Jewels by Juliana | June 30th, 2014

It was 2009 when I began the fun and exciting journey of collecting vintage costume jewelry to use for repurposing into rings, bracelets, and necklaces. During many of my searches for the most beautiful, sparkly pieces, I found myself being drawn to a particular designer – actually two designers under one name…Juliana. A piece of Juliana jewelry is so much more than simply costume jewelry. It is truly a work of art.

DeLizza and Elster

William DeLizza and Harold Elster started out as the DeLizza & Elster Company (D & E) in 1947. William’s sons, Frank and Anthony, joined the company in 1948. It became a major costume jewelry manufacturer producing bracelets, brooches, earrings, belts, buckles, and even buttons that were hand-set and prong-set with vibrant colored rhinestones, Aurora Borealis (AB), clear crystals, and simulated stones.

DeLizza and Elster’s vision led to the production of some of the most fabulous and desirable costume jewelry on the market.

D & E followed the trends, changing the sizes and colors of their pieces as fashion dictated. For example, when Aurora Borealis, a stone coated with thin layers of metal to enhance the brilliance and reflect color, was invented in 1953, they began using AB drops with beads on top which became quite fashionable. Interestingly, some of the most collectible Juliana jewelry today incorporates AB crystals or rhinestones.

Here is a D & E necklace and earring set from my collection:

1953 was also the year that D & E had difficulties matching German stones with the first stones they had used from Austria. So they ended up using unique color combinations such as purple and teal or green and pink which actually turned into the style of D & E jewelry that became the most popular!

D & E manufactured and sold to many costume jewelry houses and department stores with over 700 customers in the U.S. as well as overseas. Some of their well-known clients included Weiss, Alice Caviness, Sara Coventry, Hobe, Hattie Carnegie, Kenneth Jay Lane, and Kramer.

Their jewelry was produced with an “open line” concept. This meant that anyone could purchase from the line of jewelry that was manufactured for any season. The jewelry could be bought as a set with a variety of matching pieces or each piece could be purchased individually.

Harold Elster passed away in 1963, leaving William DeLizza as the main designer of D & E’s open line. D & E jewelry was always produced without a signature or mark. It was not until 1967 when the company decided to give it a name and identify it with a black and gold paper hang tag.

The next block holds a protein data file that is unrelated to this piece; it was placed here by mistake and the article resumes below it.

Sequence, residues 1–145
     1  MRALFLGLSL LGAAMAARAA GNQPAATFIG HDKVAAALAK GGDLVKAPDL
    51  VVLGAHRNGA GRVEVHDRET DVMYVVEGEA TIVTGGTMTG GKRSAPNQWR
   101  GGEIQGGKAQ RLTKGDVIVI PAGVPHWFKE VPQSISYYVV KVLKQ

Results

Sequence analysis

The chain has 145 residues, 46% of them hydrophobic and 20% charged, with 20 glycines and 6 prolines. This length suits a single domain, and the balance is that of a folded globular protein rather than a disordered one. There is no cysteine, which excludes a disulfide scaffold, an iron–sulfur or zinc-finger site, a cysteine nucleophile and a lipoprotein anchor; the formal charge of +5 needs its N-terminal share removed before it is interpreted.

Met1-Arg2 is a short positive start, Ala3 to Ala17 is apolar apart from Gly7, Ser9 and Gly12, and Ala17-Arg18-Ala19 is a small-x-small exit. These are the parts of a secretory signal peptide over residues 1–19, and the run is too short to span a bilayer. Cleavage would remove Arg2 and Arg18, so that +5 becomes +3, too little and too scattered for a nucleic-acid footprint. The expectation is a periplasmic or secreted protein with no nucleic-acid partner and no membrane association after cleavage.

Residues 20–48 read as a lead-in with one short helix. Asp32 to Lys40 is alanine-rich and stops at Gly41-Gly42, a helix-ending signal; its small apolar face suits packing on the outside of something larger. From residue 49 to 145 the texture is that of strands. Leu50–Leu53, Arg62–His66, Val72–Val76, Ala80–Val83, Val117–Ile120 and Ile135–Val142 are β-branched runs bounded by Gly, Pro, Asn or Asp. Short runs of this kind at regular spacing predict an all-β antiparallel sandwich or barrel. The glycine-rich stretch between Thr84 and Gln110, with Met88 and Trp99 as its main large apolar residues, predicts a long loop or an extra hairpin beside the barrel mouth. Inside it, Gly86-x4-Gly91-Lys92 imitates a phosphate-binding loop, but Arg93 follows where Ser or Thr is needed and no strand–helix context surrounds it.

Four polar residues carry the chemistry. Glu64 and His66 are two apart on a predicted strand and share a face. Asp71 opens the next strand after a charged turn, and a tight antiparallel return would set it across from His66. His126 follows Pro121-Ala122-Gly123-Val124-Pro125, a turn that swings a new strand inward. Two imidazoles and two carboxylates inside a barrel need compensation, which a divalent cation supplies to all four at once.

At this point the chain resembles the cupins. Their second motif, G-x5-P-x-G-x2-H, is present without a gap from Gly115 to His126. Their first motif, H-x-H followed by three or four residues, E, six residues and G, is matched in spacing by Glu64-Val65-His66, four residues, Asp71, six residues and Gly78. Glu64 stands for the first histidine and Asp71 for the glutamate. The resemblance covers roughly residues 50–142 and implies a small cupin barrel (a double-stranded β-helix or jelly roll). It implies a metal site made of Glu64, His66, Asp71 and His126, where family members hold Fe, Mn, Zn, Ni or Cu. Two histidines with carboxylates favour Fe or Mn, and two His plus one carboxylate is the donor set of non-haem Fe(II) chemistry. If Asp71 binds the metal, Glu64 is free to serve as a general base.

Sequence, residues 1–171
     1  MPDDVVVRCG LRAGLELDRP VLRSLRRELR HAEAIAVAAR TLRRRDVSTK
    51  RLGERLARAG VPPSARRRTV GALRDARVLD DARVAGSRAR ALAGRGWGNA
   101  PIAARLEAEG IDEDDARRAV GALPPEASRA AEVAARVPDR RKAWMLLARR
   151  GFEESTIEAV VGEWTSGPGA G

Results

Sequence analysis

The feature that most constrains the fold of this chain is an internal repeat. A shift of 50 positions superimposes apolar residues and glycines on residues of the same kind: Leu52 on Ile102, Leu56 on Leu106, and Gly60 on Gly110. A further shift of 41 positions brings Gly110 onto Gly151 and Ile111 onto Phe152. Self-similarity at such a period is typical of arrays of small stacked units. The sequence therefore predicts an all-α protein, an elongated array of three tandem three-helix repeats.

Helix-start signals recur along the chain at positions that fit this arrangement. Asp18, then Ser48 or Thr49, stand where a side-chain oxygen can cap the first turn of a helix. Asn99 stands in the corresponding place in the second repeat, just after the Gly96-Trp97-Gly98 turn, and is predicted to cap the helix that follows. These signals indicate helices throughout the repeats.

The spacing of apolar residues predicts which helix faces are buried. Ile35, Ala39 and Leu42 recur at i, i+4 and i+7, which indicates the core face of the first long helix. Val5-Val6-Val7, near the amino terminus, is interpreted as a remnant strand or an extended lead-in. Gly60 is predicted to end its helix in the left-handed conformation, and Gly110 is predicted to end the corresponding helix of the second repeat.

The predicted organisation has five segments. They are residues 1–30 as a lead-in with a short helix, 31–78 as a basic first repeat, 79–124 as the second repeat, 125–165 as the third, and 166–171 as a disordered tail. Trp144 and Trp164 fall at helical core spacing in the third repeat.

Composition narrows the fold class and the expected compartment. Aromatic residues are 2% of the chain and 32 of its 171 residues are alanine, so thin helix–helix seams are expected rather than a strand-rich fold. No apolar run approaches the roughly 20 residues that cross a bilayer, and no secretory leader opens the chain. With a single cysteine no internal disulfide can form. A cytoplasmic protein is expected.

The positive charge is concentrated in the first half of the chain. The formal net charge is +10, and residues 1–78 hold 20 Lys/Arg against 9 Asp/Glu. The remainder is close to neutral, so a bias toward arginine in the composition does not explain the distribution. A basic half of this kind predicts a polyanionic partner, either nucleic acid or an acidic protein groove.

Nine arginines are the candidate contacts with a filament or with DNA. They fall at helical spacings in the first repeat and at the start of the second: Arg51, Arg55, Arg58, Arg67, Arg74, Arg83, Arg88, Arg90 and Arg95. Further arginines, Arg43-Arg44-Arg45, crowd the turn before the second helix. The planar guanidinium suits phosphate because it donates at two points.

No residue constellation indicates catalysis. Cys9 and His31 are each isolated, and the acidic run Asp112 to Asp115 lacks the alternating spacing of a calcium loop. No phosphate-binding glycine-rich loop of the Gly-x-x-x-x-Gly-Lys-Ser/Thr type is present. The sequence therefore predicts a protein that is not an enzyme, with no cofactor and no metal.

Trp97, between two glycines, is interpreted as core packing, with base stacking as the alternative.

With the introduction of the paper hang tag, they changed the name to Juliana and even had a showroom on Fifth Avenue in New York City which was separate from D & E. However, the tag was used by the company for only two years, so approximately 2000 pieces of Juliana costume jewelry were ever manufactured under that name. Frank DeLizza, William’s son, was the original creator of the Juliana line of jewelry.

Here is a beautiful Juliana brooch with Aurora Borealis, frosted, and vibrant orange rhinestones that I repurposed into a leather snap cuff:

I have also found several stunning pairs of Juliana rhinestone clip earrings that I’ve repurposed into adjustable rings. I am especially fond of this one with the watermelon (heliotrope) center stone:

With Juliana jewelry being unmarked unless it had a hang tag still attached, there has been a lot of research done by dealers, collectors, and online groups to uncover information to identify it. Frank DeLizza has also been helping over the years with verification.

Signature Elements of Juliana Jewelry

Unlike much of the costume jewelry from this period, Juliana pieces are mostly stones with very little of the metal showing. Rare and unique art glass stones or stones with special effects were often used. Crystals and rhinestones were layered or stacked. The hardware on earrings is mostly clip backs. Screw backs are rare.

Necklaces have J-hook clasps which allow the wearer to adjust the length. Leaves or flowers were frequently a part of the design:

The bracelets usually have fold-over clasps and safety chains. They also used a classic five-link construction:

Open back rhinestones were common which let the light come through:

Although the DeLizza & Elster Company factory was sold in 1990, Frank is currently producing copies of a few of his old designs through a contractor in Brooklyn, NY. He prefers the jewelry to be known as DeLizza & Elster, but Juliana will probably always be the name most people recognize.

Whenever I want to wear a beautiful, sparkly piece of art, it is an easy decision for me. I go straight to my collection of Juliana jewelry and no matter what I select, I’ve made a perfect choice.

Kimberly Moore is a vintage costume jewelry expert, blogger, speaker, and author of Beauty in a Life Repurposed. To learn more, visit her website at

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